Exposures are really very good, and even the auto White Balance performs admirably in most conditions. The bigger bit-range allows for really nice highlight and shadow detail (that is lost in the JPEGS) and these combined give pretty accurate results. I have to say though that I do shoot everything in Auto White Balance, simply because I know I am going to be tweaking it later in the RAW converter. but as colour reference, I use X-rite ColourChecker cards
|(Every block has a specific RGB and LaB colour assigned to that is printed to an exact match. Added on the top of the each block (right hand side) in Adobe Photoshop is a block with the RGB/LaB values as reference – This means whitebalance and colour correction becomes a mathematical and exact process, not dependent on Screen calibration, and guessing by eye)|
As you can see from grey tones in the ColourChecker chart above, the auto white balance worked amazingly well (in this situation: Slightly overcast, no near reflected surfaces) and was off by 2 to 3 points… really acceptable and virtually indistinguishable by the naked eye. What is interesting to note here on this un-profiled sensor is that as previously noted, Red and Green channels perform exceptionally well… Blue seems to have been tweaked and is better than it used to be, but the camera struggles to correctly re-produce that “purple-blue” (which is often referred to as the reason for nature photographer getting so much more noise in their blue skies, especially when adding polarizing filters)
Once specific profiles have been set-up for studio work, sunshine, cloudy, etc… we can get much closer to true and accurate colour, but we are already seeing a vast improvement from the previous 12-bit sensors (and for the same reason we will almost never shoot 8-bit JPEGs.
My gut feel is that in images with very wide tonal ranges (bright sunshine to even shadow areas) there is more noise than with the previous 5D, but that said, the noise appears to be more Luminance noise and not so much Chroma noise, which makes it appear more like a film grain effect than digital coloured spots.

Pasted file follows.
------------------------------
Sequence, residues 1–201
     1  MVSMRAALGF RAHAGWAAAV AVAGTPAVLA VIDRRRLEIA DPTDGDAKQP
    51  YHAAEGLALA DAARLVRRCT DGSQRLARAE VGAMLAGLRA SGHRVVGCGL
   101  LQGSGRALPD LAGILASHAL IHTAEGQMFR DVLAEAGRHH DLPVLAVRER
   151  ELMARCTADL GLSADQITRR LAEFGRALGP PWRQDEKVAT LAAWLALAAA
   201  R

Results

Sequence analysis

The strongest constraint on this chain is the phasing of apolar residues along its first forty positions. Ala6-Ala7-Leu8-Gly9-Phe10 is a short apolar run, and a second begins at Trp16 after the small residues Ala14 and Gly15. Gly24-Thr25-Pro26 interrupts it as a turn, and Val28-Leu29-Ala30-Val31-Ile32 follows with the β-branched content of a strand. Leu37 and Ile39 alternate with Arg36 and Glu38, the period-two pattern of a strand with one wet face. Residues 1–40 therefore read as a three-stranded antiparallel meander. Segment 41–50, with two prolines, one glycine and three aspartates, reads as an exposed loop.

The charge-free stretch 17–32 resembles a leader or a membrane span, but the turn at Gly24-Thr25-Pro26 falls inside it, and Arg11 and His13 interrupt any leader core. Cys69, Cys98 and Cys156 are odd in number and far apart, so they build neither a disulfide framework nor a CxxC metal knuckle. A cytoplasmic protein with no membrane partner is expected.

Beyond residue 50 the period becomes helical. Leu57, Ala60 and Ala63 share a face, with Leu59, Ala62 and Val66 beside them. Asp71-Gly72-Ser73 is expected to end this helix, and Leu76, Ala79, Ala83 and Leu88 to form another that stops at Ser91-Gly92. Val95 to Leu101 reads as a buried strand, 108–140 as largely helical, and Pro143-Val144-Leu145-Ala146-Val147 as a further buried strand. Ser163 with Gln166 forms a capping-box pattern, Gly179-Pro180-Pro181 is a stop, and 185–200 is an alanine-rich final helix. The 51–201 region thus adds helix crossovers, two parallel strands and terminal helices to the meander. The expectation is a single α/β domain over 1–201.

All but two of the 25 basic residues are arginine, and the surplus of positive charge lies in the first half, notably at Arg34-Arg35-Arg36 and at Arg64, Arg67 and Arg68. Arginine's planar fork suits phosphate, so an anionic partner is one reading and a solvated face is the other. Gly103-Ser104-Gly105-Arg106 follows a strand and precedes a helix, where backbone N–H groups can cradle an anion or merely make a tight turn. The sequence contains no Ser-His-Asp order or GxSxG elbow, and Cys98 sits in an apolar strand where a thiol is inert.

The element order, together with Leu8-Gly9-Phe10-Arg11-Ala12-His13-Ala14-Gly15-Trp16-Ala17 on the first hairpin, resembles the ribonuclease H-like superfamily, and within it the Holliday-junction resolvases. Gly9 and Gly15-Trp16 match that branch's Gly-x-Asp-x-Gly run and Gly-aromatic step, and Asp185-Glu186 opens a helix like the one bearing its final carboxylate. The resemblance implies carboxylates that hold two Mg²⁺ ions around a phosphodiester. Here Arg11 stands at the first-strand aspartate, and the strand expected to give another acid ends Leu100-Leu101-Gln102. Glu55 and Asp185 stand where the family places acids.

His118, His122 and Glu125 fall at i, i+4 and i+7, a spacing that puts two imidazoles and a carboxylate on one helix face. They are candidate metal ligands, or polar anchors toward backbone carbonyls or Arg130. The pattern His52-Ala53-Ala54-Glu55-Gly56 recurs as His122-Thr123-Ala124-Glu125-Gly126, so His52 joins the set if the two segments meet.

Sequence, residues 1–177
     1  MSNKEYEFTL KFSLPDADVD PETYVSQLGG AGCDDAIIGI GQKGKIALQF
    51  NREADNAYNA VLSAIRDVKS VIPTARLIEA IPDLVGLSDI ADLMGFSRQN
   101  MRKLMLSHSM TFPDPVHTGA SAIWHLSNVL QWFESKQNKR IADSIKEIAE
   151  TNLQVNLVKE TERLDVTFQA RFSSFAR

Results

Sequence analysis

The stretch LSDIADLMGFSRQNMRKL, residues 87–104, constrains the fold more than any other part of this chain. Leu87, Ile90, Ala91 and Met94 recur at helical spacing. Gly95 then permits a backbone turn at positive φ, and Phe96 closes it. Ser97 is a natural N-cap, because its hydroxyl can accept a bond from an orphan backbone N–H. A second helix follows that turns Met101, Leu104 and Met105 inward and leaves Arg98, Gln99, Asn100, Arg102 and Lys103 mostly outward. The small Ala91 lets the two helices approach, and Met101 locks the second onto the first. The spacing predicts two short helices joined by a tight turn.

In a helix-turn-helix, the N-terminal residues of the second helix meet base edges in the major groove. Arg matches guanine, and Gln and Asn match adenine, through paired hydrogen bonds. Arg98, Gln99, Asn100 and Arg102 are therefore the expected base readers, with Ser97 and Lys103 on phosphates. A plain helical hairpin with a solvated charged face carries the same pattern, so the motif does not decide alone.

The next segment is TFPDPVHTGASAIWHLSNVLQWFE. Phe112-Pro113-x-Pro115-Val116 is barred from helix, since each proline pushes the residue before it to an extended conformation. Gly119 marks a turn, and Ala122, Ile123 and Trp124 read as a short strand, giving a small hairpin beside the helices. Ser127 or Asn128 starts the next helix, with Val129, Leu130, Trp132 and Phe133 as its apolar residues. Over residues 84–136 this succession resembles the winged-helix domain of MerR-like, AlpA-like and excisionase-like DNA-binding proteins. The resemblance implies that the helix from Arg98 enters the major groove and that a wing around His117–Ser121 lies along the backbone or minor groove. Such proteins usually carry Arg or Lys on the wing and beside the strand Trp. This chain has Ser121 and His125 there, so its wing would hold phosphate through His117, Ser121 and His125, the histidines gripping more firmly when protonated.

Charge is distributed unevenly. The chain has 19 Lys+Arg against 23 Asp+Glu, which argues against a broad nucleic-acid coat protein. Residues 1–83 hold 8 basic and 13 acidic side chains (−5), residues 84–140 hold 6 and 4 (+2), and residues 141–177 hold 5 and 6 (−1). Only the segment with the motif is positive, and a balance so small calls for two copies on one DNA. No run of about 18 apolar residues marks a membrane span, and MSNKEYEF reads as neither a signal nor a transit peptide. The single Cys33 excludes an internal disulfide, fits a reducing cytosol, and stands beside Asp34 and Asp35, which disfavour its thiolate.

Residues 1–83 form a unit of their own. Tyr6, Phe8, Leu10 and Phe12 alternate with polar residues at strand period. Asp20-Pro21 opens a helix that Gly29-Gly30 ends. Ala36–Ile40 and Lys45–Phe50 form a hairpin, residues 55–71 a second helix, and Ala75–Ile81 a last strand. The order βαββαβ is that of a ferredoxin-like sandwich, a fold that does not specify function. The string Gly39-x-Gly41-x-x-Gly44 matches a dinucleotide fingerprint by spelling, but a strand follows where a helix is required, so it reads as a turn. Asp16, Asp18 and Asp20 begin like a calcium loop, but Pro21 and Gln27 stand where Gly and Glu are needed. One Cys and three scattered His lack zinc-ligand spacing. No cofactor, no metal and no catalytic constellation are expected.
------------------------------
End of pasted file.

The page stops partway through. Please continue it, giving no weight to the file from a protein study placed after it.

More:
I was happy to note though that the battery seems to go on forever, looking at about 1,200 plus shots on a single charge (depending on how much you use that LCD, live view, video, etc… but for a serious day of shooting, that will be too little.
In the Studio
Well.. what can I say… This camera performed flawlessly from a technical perspective. We did run out of battery power, so every time we took a small break, the batteries came out and went onto the charger. We ended shooting between 40gb – 60gb of RAW images per day.
The lack of the battery grip really came into play during these two days of studio shooting. The camera feels completely off balance and top heavy, and I can see it in my tilted horizons when shooting portrait (vertical) I also develop severe strain in my wrist. I just couldn’t see myself working any length of time with this camera without the balancing battery grip (which I received a few weeks later only) Now that the grip is on, the camera is remarkably heavier, and completely balanced. A dream to shoot with. I am not sure, but it does feel a tinge heavier than the old 5D with grip. Will measure it up when I actually have two batteries to add to the grip.
Something that became quickly apparent is that this camera is not a speed freak. If you need to shoot at any kind off pace, you will need to invest in pretty fast CF cards to handle the transfer from buffer to card, and when dumping cards to your computer, from card-reader to computer.
Our old USB2 multicard reader took over 20 minutes to download a 8gb card. Our new single slot Sandisk USB2 card reader takes about 8 minutes on the Ultra II cards… going up just one version brings that down to about 6 minutes.
Now, from the previous, you may have figured out that space also becomes a premium. RAW files can be over 40mb each in certain conditions, and converted 16bit Tiff files are 160mb. If you haven’t, considder investing in a DROBO, and if you are short on RAM (anything less than 4gb) consider getting some more for your editing workstation.
Another problem we encountered was that the autofocus is much slower than on the previous 5D, and especially on the edges of the lens (non- cross-hair focus sensors) it seems to hunt a bit more if there is not definite contrast to latch on to, or if the subject is backlit. Having said that, I have to say that this doesn’t mean the camera is slow… it’s just not as fast as a 1-series body. To get the best out of this camera’s autofocus, you are going to want to stick to f/2.8 or faster lenses.